IQWiG published the preliminary results in the form of the preliminary report in July 2010 and interested parties were invited to submit comments. When the comments stage ended, the preliminary report was revised and sent as a final report to the contracting agency, the Federal Joint Committee, in November 2010. The written comments are published in a separate document at the same time as the final report. The report was produced in collaboration with external experts.


Story Source:

The above story is based on materials provided by Institute for Quality and Efficiency in Health Care. Note: Materials may be edited for content and length.


Cite This Page:

Institute for Quality and Efficiency in Health Care. "Malignant brain tumors: Benefit of PET and PET/CT in the detection of recurrences is not assessable, study finds." ScienceDaily. ScienceDaily, 19 January 2011. <www.sciencedaily.com/releases/2011/01/110119120358.htm>.
Institute for Quality and Efficiency in Health Care. (2011, January 19). Malignant brain tumors: Benefit of PET and PET/CT in the detection of recurrences is not assessable, study finds. ScienceDaily. Retrieved March 28, 2015 from www.sciencedaily.com/releases/2011/01/110119120358.htm
Institute for Quality and Efficiency in Health Care. "Malignant brain tumors: Benefit of PET and PET/CT in the detection of recurrences is not assessable, study finds." ScienceDaily. www.sciencedaily.com/releases/2011/01/110119120358.htm (accessed March 28, 2015).

Share This


More From ScienceDaily



More Health & Medicine News

Saturday, March 28, 2015

Featured Research

from universities, journals, and other organizations


Featured Videos

from AP, Reuters, AFP, and other news services

S. Leone in New Anti-Ebola Lockdown

S. Leone in New Anti-Ebola Lockdown

AFP (Mar. 28, 2015) — Sierra Leone imposed a three-day nationwide lockdown Friday for the second time in six months in a bid to prevent a resurgence of the deadly Ebola virus. Duration: 01:17 Video provided by AFP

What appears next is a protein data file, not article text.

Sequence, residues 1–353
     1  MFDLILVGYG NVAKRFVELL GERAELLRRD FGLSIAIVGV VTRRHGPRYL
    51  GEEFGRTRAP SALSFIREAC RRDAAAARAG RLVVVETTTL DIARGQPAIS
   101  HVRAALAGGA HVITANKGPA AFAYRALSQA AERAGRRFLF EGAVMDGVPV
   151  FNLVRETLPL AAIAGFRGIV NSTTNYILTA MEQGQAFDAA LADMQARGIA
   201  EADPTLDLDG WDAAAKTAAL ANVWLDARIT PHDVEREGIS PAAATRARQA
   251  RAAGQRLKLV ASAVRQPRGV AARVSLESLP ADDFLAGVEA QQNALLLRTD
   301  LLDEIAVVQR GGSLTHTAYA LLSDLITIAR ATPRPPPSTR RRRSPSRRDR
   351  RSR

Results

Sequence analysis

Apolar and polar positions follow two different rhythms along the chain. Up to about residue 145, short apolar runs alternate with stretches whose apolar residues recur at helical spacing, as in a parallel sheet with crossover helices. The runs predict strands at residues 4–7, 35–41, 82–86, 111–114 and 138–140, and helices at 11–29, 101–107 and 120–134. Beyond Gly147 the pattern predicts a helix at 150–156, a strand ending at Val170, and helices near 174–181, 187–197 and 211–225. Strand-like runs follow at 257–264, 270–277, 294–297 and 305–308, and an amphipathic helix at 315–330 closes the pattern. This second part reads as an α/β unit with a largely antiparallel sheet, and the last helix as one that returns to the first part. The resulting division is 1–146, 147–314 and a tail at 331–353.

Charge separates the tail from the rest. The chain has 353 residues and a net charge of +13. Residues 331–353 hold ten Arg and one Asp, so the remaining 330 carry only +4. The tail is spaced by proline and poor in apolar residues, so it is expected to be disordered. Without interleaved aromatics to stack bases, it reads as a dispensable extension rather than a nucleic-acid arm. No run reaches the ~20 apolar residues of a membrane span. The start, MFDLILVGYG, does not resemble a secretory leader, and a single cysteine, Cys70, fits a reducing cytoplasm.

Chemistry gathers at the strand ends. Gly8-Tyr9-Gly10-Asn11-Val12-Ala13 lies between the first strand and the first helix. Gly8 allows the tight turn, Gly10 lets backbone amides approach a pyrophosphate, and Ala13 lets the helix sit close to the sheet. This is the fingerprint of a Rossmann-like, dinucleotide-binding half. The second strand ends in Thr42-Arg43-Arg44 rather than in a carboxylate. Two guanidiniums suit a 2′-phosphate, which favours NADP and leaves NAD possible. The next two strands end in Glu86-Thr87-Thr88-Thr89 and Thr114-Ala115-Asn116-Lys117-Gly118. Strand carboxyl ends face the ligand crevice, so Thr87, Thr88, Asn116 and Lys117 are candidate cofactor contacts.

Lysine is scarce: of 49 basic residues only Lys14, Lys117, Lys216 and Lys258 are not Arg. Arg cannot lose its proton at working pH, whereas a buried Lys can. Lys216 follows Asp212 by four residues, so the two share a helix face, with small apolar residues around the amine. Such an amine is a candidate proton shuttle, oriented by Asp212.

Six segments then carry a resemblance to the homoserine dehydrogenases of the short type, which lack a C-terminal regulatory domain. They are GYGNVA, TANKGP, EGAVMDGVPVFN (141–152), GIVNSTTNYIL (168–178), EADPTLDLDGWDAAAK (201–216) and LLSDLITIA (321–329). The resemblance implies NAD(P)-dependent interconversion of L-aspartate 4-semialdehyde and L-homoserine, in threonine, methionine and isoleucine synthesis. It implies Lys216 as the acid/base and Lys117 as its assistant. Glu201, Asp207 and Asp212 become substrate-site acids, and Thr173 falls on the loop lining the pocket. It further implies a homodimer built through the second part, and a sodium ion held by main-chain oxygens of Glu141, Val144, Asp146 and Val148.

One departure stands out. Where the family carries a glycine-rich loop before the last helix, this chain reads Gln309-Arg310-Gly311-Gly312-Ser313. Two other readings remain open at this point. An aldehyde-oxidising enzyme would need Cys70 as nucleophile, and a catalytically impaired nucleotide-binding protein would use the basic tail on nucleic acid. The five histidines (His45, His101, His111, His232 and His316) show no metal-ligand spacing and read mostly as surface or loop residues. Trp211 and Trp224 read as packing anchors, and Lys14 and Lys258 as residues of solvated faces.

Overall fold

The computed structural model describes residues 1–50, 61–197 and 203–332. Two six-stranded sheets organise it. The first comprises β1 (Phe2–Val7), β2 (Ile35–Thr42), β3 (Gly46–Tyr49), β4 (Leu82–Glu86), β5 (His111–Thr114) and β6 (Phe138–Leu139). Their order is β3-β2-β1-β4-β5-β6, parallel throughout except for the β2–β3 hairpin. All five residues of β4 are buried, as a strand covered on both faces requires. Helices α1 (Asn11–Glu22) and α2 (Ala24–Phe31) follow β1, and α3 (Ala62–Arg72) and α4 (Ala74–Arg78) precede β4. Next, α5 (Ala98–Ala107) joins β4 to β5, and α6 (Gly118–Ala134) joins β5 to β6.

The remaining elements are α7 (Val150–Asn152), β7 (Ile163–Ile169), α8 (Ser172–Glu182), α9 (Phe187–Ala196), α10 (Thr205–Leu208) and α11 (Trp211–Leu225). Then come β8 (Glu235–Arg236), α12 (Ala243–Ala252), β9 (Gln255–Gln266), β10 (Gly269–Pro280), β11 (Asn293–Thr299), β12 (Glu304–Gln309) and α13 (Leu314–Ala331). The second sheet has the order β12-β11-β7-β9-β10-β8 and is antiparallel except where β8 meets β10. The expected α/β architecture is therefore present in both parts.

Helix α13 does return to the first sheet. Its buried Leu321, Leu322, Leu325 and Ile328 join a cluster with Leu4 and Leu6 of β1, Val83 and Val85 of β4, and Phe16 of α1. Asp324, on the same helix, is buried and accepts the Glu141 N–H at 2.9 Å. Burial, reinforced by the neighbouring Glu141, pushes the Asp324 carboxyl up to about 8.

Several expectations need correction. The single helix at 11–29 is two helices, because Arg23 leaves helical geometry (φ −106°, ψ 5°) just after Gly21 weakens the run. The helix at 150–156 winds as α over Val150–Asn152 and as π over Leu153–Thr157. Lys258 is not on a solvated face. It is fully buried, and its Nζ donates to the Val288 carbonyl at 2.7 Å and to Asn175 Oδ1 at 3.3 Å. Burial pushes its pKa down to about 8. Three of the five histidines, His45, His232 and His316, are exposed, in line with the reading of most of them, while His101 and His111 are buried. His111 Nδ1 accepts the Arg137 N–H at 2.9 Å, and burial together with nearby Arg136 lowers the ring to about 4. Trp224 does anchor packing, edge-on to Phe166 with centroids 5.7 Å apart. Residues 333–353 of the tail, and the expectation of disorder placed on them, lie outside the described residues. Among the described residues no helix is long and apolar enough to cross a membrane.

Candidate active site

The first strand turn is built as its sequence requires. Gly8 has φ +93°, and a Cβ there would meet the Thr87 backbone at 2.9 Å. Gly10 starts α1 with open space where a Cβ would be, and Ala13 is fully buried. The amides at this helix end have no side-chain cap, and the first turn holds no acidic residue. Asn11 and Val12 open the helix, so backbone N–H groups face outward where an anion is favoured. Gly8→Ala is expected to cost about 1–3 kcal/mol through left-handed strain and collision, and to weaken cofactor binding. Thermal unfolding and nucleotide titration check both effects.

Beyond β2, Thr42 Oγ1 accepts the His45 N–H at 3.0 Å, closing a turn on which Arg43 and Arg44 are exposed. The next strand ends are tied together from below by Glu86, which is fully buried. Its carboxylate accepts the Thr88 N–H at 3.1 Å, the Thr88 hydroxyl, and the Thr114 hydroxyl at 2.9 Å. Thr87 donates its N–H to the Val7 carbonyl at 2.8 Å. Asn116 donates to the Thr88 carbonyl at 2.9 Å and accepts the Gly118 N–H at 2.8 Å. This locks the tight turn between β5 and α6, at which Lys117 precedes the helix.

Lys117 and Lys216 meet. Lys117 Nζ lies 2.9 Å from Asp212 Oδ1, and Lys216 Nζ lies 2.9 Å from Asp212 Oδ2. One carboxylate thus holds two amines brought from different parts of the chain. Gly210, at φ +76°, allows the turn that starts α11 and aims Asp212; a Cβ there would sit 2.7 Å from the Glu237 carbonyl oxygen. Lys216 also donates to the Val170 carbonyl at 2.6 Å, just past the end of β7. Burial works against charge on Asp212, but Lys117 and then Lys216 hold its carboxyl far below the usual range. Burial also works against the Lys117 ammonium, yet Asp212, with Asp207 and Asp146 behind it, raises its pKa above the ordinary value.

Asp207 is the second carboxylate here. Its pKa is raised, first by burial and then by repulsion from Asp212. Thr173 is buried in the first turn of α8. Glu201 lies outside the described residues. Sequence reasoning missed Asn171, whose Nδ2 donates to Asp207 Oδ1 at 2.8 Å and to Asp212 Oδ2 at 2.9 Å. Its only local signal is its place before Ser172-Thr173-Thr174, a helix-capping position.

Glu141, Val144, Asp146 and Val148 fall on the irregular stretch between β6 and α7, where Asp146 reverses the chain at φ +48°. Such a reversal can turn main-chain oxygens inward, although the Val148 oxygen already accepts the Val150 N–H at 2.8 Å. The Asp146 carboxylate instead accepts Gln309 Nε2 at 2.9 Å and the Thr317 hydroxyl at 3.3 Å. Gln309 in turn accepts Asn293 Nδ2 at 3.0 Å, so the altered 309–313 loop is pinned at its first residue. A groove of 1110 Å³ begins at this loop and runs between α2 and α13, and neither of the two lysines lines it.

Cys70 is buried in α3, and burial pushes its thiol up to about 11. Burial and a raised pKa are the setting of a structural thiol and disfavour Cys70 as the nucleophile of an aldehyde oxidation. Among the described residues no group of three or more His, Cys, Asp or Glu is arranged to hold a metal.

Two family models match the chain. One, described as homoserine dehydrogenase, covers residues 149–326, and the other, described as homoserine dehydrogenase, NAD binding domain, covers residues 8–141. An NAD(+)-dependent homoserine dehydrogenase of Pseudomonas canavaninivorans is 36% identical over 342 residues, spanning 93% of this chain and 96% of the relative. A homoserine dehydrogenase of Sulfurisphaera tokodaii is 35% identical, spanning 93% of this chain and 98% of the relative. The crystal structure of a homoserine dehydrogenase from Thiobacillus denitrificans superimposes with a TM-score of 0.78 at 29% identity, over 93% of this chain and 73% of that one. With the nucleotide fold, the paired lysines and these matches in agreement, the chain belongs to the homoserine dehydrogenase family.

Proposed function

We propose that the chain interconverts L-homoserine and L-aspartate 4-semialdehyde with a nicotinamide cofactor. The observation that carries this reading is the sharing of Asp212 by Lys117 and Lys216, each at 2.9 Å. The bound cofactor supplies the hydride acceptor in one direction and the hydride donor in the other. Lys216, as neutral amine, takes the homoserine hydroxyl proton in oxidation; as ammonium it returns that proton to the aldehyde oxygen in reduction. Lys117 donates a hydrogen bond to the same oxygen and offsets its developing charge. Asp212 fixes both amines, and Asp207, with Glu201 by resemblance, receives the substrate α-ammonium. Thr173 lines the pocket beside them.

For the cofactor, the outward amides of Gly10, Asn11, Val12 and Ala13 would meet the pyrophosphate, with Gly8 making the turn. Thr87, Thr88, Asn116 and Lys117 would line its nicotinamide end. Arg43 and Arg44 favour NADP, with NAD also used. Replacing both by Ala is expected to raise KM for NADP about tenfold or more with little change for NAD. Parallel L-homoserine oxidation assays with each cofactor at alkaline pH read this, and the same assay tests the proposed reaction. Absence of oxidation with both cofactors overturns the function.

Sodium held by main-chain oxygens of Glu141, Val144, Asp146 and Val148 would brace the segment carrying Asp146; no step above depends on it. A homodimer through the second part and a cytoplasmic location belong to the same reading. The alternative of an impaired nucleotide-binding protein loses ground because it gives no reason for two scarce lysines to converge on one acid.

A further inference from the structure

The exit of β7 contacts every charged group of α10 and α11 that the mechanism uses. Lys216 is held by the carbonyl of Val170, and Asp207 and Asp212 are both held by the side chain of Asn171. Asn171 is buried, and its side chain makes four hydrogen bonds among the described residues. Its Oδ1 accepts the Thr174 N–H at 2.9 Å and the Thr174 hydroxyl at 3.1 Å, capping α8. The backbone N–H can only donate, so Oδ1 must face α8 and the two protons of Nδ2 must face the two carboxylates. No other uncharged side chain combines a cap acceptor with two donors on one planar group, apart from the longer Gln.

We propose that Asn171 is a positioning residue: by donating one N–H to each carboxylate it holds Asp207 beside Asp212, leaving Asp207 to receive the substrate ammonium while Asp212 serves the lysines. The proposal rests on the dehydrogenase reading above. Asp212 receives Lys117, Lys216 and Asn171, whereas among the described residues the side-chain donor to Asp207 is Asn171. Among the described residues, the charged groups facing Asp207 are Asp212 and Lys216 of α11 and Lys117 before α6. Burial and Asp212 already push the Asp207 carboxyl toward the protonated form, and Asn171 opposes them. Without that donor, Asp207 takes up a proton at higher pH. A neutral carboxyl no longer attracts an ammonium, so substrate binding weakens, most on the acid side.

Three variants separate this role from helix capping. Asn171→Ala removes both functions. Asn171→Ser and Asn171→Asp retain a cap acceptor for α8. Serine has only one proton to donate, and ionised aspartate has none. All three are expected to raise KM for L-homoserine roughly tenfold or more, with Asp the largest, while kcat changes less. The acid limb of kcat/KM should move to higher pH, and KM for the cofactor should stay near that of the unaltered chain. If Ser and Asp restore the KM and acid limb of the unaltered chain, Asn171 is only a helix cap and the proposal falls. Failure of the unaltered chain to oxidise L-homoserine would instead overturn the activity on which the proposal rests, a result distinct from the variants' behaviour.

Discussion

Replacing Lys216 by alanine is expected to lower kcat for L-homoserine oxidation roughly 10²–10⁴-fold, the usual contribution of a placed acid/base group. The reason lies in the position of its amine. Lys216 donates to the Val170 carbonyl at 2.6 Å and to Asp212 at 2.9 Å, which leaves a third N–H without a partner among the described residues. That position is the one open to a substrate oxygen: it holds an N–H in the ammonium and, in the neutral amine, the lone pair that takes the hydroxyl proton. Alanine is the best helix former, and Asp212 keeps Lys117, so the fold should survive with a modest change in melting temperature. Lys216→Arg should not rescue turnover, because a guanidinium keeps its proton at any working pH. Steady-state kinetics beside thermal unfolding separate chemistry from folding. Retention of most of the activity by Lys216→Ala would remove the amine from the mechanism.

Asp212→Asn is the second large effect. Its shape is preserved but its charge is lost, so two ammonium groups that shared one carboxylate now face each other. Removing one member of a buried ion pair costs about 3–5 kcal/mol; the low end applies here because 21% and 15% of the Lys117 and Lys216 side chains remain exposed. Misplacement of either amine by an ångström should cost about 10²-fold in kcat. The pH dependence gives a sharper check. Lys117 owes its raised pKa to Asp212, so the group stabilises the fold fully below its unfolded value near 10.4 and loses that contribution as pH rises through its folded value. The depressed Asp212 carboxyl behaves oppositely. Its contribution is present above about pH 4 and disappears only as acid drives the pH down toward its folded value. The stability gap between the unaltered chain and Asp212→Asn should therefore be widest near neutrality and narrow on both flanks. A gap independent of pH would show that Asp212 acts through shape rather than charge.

Powered by NewsLook.com
These Popular Antibiotics Can Cause Permanent Nerve Damage

These Popular Antibiotics Can Cause Permanent Nerve Damage

Newsy (Mar. 27, 2015) — A popular class of antibiotic can leave patients in severe pain and even result in permanent nerve damage. Video provided by Newsy
Powered by NewsLook.com
WH Plan to Fight Antibiotic-Resistant Germs

WH Plan to Fight Antibiotic-Resistant Germs

AP (Mar. 27, 2015) — The White House on Friday announced a five-year plan to fight the threat posed by antibiotic-resistant bacteria amid fears that once-treatable germs could become deadly. (March 27) Video provided by AP
Powered by NewsLook.com
House Ready to Pass Medicare Doc Bill

House Ready to Pass Medicare Doc Bill

AP (Mar. 26, 2015) — In rare bipartisan harmony, congressional leaders pushed a $214 billion bill permanently blocking physician Medicare cuts toward House passage Thursday, moving lawmakers closer to resolving a problem that has plagued them for years. (March 26) Video provided by AP
Powered by NewsLook.com

Search ScienceDaily

Number of stories in archives: 140,361

Find with keyword(s):
 
Enter a keyword or phrase to search ScienceDaily for related topics and research stories.

Save/Print:
Share:  

Breaking News:

Strange & Offbeat Stories

 

Health & Medicine

Mind & Brain

Living & Well

In Other News

... from NewsDaily.com

Science News

Health News

Environment News

Technology News



Save/Print:
Share:  

Free Subscriptions


Get the latest science news with ScienceDaily's free email newsletters, updated daily and weekly. Or view hourly updated newsfeeds in your RSS reader:

Get Social & Mobile


Keep up to date with the latest news from ScienceDaily via social networks and mobile apps:

Have Feedback?


Tell us what you think of ScienceDaily -- we welcome both positive and negative comments. Have any problems using the site? Questions?
Mobile iPhone Android Web
Follow Facebook Twitter Google+
Subscribe RSS Feeds Email Newsletters
Latest Headlines Health & Medicine Mind & Brain Space & Time Matter & Energy Computers & Math Plants & Animals Earth & Climate Fossils & Ruins